(CNN) - Experts disagreed Tuesday over whether Amanda Knox is likely to be extradited to Italy, where the country's highest criminal court overturned her acquittal and that of her former boyfriend in the 2007 killing of her roommate, Meredith Kercher.
Knox and Raffaele Sollecito were convicted in 2009 of murder in Kercher's death, but a jury overturned the conviction in 2011. She then returned to her home city of Seattle, Washington, where she is studying creative writing at the University of Washington, according to her family's spokesman, David Marriott.
This morning on "Early Start," CNN's Jill Dougherty looks at the conflicting arguments and whether Knox will potentially have to face an Italian judge in her case.
Amanda Knox's lawyer, Carlo Dalla Vedova, reacts to the Italian Supreme Court ruling that she should stand trial again.
CNN's Ben Wedeman reports on an Italian Supreme Court's decision to retry American Amanda Knox for murder.
(CNN) - Her story made headlines all over the world: An American college student studying abroad in Italy - charged with killing another student.
Amanda Knox spent four years in jail before her murder conviction was overturned. Her family hopes Monday will be the last chapter in her long saga.
Prosecutors want to retry her, and Italy's Supreme Court will rule whether they can. If the court says that Knox's acquittal can't be overturned, the case is over. Knox's family said last year the appeal was unwelcome, but no cause for concern.
CNN's Ben Wedeman reports on the hearing live from Rome on "Early Start" today.
In his new book, the ex-boyfriend of Amanda Knox maintains their innocence regarding the death of her roommate, Meredith Kercher. In the book entitled "Honor Bound: My Journey to Hell and back with Amanda Knox,"
Raffaelle Sollecito admits that he and Knox gave Italian police good reason to suspect them, stating that bizarre behavior and lack of a "real alibi" definitely added to police suspicions.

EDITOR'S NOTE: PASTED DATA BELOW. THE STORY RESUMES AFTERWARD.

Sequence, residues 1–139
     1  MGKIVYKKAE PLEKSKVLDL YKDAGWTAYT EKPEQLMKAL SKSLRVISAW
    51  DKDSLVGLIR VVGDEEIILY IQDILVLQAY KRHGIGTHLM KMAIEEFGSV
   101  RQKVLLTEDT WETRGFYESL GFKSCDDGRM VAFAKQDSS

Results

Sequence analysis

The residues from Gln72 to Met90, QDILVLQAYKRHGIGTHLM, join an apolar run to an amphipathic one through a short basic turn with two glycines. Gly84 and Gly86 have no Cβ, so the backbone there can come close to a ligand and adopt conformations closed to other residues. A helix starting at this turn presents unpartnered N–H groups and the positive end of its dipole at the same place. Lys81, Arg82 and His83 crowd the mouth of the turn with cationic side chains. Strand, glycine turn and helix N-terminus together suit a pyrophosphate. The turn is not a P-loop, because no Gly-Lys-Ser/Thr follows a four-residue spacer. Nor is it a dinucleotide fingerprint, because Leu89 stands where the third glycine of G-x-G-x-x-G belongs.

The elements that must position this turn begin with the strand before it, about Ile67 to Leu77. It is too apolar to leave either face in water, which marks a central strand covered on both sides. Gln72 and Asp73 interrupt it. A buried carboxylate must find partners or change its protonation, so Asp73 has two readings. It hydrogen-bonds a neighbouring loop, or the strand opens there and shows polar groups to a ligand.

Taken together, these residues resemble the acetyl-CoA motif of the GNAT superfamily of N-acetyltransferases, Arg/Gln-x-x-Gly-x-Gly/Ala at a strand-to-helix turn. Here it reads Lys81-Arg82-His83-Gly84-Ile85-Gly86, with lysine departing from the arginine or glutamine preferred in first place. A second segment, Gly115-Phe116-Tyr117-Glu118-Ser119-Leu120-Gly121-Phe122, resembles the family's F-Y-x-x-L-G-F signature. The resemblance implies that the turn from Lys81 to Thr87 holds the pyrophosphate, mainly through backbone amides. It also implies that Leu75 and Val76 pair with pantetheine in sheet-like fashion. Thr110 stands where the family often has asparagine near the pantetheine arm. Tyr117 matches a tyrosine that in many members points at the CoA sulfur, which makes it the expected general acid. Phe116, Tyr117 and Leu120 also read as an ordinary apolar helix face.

The couple, who had been sentenced in 2007 for Kercher’s death, was cleared in October 2011 by an appeals court citing a lack of evidence against them.
CNN senior international correspondent Matthew Chance says, the book is “the first opportunity Raffaelle Sollecito has had to put over his side of the story since his release on appeal last year.” Chance adds that Sollecito reserved “ a lot of criticism for the Italian judicial system, saying that basically they took advantage of these two young people’s youth and inexperience in the place of a proper investigation.”
– CNN's Matthew Chance reports from London with more details from the tell-all book.
In a new book set to hit store shelves Tuesday, the ex-boyfriend of Amanda Knox chronicles their journey regarding the death of Knox’s roommate, Meredith Kercher. The couple who had been sentenced in 2007 for Kercher’s death, were cleared in October 2011 by an appeals court citing a lack of evidence against them.
Criminal defense attorney Anne Bremner met Sollecito in Seattle after the convictions were overturned while serving as the spokesperson for "Friends of Amanda," a Seattle-based group of Knox family friends. Bremner says, Sollecito “was lovely, he was humble, he was grateful and he was really shy.”
In the book entitled "Honor Bound: My Journey to Hell and Back with Amanda Knox," Sollecito admits that he and Knox’s bizarre behavior and lack of a "real alibi" gave Italian police good reason to suspect them.
Bremner says, the strange behavior was “odd to the Italians. I think it was really a culture difference.” They were “shopping for underwear because their house was a crime scene – it was closed. They went out to dinner, simply because they didn’t have any place to eat. …These things were actually considered probable cause in Italy,” adds Bremner.
The criminal defense attorney says although that Knox and Sollecito no longer have a romantic relationship, they have been in contact. “After all of these years and all of the hell that they’ve been through, I think it would be kind of hard to maintain” a romantic relationship, says Brenner. Adding, “They only knew each other for a matter of weeks before they ended up in this horrible mess.”
CNN legal contributor Paul Callan on why prosecutors are appealing the ruling on her overturned conviction.